Associate's Degree in Histology: Program Summary

An Associate of Applied Science degree in Histotechnology may combine classroom lectures with clinical experience to teach students how to provide assistance to licensed pathologists in healthcare facilities and diagnostic laboratories. Introductory courses in a histology program provide students with an advanced understanding of human anatomy, microbiology and cellular biology.

Essential Information

A histology technician, also known as a histotechnician, works within medical laboratory settings to collect and prepare human tissue for diagnostic examination. Many histotechnicians acquire their training through degree programs in clinical laboratory science or medical laboratory science. However, some community colleges do offer associate's degree programs specifically aimed at the field of histology. Students are also expected to gain a comprehensive understanding of laboratory procedures and safety before they graduate from an accredited histology program. Following graduation, a professional certification might be gained through the American Society for Clinical Pathology. Passage of a qualifying examination is required. A high school diploma or GED is a definite requirement to gaining acceptance into a 2-year associate's degree program in the field of histology.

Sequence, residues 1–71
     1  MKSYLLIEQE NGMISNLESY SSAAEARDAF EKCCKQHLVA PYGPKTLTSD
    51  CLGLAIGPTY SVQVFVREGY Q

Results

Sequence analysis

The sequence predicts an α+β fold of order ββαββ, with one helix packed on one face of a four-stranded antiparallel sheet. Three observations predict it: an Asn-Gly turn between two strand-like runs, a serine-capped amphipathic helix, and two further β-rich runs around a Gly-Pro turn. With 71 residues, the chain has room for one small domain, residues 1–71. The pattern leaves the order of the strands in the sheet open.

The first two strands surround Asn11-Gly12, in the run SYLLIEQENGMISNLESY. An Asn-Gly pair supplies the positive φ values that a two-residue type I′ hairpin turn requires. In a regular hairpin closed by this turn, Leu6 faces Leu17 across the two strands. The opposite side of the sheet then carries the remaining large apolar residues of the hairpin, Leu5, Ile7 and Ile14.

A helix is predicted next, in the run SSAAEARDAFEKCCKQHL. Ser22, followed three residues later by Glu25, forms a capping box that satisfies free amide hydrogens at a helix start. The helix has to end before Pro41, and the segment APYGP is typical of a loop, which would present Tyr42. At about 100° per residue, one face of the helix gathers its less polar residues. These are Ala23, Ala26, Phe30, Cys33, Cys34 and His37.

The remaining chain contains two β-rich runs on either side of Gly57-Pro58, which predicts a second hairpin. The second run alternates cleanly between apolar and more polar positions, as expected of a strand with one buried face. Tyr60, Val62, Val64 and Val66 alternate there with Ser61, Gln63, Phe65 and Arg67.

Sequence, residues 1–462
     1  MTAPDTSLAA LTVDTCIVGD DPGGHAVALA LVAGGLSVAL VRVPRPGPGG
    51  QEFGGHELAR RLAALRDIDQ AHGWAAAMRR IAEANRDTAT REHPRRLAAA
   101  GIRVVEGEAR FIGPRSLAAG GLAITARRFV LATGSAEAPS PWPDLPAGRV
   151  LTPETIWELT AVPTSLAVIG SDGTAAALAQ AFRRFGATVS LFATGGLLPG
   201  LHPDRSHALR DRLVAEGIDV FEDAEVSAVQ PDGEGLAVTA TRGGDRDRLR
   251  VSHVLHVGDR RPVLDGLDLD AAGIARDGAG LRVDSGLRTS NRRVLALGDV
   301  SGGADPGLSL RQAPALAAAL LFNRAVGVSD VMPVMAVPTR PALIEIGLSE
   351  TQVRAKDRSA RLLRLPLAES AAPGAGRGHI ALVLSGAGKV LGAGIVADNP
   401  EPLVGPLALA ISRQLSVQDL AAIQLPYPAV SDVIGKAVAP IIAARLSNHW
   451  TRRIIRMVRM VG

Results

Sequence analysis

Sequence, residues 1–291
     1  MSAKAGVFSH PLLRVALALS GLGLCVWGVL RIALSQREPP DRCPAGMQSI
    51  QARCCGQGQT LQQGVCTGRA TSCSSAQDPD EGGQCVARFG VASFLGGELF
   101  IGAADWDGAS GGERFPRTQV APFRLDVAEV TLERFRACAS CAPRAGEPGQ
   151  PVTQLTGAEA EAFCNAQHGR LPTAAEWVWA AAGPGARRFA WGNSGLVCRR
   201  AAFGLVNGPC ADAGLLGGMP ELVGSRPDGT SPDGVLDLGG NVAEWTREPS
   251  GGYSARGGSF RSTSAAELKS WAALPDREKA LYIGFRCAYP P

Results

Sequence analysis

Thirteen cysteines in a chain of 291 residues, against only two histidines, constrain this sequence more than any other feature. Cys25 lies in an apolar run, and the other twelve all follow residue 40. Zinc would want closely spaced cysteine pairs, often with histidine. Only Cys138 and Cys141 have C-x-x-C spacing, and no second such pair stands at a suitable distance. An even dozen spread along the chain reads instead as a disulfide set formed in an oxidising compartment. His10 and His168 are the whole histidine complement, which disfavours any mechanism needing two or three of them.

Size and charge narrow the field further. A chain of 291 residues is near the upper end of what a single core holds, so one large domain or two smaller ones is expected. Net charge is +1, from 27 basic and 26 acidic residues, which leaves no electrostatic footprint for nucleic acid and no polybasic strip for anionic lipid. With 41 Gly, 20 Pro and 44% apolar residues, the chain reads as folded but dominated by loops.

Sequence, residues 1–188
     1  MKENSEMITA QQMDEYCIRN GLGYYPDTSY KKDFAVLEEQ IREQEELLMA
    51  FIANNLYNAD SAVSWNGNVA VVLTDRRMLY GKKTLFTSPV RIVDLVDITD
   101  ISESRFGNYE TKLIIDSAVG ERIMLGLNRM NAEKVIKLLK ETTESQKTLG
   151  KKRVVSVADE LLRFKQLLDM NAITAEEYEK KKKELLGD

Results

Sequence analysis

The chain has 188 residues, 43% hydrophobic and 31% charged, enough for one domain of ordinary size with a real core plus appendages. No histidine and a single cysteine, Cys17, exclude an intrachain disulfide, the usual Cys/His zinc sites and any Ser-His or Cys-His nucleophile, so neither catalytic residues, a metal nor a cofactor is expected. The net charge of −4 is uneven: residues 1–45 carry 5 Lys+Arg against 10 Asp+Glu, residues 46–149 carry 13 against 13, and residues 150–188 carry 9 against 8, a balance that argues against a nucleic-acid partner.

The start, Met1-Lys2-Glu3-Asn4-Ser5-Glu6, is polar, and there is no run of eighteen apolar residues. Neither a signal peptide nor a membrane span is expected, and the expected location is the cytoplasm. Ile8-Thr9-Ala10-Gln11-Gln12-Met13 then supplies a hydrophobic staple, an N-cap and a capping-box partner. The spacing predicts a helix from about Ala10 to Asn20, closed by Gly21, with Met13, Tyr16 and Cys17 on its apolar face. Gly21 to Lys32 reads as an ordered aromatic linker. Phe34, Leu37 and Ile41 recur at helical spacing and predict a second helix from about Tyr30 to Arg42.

• Program Levels in Histology: Associate's degrees, bachelor's degrees, master's degrees
  • Prerequisites: High school diploma or GED
  • Other Requirements: Clinical lab training
  • Program Length: Two years

Associate's Degree in Histology

Students enrolled in an associate's degree program in histotechnology spend their time in classroom, clinical and laboratory settings, learning first-hand how to collect and prepare tissue samples for examination. Some courses that lead up to those skills include:

  • Human anatomy and physiology
  • Medical terminology
  • Microbiology
  • General chemistry
  • College mathematics
  • Histology practicum

Employment Outlook and Salary Info

Clinical laboratory technicians in general held 161,500 jobs in the U.S. in 2012, according to the U.S. Bureau of Labor Statistics ( These technicians, including histotechnicians, primarily worked in general medical hospitals and diagnostic laboratory facilities. The average yearly salary for medical and clinical laboratory technicians in May 2014 was $40,750; those in hospitals made an average of $41,210 and those working in diagnostic labs earned $40,180.

Certification and Continuing Education

The American Society for Clinical Pathology (ASCP) offers certification for both histotechnicians and histotechnologists. Histotechnicians who are interested in becoming histotechnologists can enroll in a bachelor's degree program in clinical laboratory science with an emphasis in histology. Master's degree programs in medical laboratory science are also available, and offer courses or concentrations in the subject of histology.

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